Despite this dramatic victory, we went on with the protest as scheduled – as did protests in San Francisco, Los Angeles, and Pittsburgh. (NB: The website press release linked above also referenced protests in Washington DC and in Charlotte.)

At the rally, we got close to 20 people who attended – it was sunny, it was right after work, it was right downtown, and there had been ample advance notice (we had been planning it for weeks). There were representatives from four groups – CMA, Take Back the Media, the Independent Press Association, and the Chicago chapter of the National Organization for Women (whose national umbrella group had entered the fray over the issue of media concentration). CAN TV [Chicago's public access cable television network] came to record the event, which they assembled into a half-hour presentation that got a lot of airplay. We didn’t get any corporate media attendance, but what else is new?

The emergency stay from the Third Circuit which blocked the FCC vote verified another instructive and inspiring fact. As Andrew Jay Schwartzmann from the Media Access Project (which served as legal counsel for the plaintiffs in that stay request) said in a presentation in 2005:

They [the Third Circuit court] questioned the lawyers for the government: "You got a million postcards. Does that matter?" And the lawyer for the government said: "Well, we decide this on the record. [The postcards are] not evidence. That’s just people writing. They didn’t submit any economic studies..." But the court adopted this precedent which said, if that many people care, if that many people think there’s a problem, that many people believe enough to exercise this First Amendment right to seek redress from the government, send a postcard, send an email, there’s a perception of harm that we ought to acknowledge...the harm is so clear and so obvious, because so many people care. And that’s the basis on which they granted the stay.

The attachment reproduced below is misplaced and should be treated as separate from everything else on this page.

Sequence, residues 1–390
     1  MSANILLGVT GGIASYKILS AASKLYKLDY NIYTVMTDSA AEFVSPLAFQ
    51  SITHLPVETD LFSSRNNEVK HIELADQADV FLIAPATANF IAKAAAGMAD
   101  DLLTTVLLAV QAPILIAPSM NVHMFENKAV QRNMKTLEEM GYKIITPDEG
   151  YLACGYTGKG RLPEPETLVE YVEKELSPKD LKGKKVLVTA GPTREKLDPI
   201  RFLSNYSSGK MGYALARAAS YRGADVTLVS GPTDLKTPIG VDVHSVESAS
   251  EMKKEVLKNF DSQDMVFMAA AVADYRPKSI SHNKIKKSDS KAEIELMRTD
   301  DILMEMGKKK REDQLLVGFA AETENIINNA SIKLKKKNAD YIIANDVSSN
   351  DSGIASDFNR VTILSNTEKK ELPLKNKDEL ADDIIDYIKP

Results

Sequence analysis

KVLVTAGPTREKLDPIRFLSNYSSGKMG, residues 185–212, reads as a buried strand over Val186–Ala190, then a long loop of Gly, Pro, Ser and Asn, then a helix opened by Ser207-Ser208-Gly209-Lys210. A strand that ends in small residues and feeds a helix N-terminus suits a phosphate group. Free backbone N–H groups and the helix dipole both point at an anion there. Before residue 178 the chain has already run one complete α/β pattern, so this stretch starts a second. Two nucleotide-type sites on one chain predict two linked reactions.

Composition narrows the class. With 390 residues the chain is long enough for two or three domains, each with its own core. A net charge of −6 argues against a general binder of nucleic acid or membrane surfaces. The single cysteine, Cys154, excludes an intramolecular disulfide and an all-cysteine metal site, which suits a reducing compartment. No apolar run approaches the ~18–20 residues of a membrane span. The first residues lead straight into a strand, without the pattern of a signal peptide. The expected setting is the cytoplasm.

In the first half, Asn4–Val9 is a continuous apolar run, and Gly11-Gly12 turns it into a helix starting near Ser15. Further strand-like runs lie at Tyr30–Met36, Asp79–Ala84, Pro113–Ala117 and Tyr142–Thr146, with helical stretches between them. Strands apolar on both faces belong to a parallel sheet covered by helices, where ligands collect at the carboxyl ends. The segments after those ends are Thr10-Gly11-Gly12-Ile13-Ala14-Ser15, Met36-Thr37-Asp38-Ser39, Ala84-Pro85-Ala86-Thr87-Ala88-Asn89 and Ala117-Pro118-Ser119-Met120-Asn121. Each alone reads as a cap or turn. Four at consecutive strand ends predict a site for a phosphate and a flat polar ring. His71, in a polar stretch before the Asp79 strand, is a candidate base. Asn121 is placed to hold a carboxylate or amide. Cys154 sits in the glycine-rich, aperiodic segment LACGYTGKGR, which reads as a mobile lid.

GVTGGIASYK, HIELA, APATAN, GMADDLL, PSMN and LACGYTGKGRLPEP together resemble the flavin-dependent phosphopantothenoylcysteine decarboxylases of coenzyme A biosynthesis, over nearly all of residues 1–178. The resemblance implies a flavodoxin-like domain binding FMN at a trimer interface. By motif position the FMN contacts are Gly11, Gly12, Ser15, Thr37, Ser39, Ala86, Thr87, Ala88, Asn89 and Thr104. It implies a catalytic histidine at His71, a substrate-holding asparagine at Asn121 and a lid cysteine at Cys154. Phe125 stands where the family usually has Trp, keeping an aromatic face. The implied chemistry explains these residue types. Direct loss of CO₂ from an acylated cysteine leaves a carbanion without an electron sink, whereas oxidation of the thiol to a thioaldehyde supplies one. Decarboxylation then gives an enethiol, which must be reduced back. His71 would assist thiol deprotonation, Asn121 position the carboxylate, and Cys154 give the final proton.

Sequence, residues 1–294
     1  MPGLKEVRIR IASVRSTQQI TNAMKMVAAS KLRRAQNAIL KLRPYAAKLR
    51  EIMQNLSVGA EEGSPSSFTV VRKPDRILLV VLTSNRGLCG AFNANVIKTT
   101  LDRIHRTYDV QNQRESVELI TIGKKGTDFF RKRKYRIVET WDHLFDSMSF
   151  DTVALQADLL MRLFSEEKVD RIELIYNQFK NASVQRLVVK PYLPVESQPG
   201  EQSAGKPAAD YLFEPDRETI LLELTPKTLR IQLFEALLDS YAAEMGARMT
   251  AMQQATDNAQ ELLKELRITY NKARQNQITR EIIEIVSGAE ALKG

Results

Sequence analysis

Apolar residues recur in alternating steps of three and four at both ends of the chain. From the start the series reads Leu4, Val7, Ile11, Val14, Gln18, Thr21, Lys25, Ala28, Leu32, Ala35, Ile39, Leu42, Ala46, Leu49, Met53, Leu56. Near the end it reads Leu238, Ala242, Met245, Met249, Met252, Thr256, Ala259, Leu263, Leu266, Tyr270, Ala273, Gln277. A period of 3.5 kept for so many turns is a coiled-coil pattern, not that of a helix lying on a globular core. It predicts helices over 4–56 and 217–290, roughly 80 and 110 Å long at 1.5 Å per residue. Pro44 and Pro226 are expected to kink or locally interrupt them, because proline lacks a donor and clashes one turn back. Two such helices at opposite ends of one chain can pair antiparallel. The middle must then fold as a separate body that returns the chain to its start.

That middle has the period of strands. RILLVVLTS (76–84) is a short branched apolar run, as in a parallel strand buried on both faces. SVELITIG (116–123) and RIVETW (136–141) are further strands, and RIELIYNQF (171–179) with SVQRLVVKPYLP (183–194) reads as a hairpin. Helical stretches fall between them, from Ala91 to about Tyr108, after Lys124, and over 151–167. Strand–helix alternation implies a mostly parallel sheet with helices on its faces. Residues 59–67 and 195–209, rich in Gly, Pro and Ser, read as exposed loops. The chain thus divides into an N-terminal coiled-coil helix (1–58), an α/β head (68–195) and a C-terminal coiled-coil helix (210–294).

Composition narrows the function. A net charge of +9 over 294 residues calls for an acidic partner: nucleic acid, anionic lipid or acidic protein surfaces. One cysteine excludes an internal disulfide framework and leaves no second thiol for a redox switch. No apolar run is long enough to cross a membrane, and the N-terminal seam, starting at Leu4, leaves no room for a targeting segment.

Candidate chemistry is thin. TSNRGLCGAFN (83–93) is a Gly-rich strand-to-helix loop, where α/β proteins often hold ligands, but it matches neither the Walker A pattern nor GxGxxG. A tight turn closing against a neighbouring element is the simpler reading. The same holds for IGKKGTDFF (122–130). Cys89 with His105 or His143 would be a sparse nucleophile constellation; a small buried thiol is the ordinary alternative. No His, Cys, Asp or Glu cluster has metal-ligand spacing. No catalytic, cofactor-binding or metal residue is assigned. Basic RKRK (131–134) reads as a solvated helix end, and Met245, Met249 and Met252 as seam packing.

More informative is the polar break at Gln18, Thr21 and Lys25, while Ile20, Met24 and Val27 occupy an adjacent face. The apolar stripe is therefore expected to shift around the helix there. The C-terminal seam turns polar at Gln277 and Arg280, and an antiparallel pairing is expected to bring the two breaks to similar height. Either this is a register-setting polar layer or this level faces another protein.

But consider this: The American Journalism Review reported "virtually no coverage" of the matter on TV, and there was scant coverage in print media (ironically, one of the leading print outlets for this issue was the Chicago Tribune). So, how did "a million people" learn about the issue when the media wasn’t breathing a word about the matter?

The answer was, and had to be, because of people like us -- a relatively small number of concerned individuals and groups like CMA -- who worked to make it an issue, and in so doing change the landscape on the issue. On this issue, we had pushed the first domino, and all the dominoes thereafter fell one after another. Mind you, that was a very hard first domino to push, but once it did fall, that led to a cascade of positive consequences, which would continue on for years.

The emergency court order bought time for a lawsuit to be filed which, in 2004, overturned the FCC’s rewrite completely and forced the FCC to do over. The FCC’s appeals (including one attempted by the Tribune) over the subsequent years all failed, and the FCC was forced to revisit the matter per the court’s request.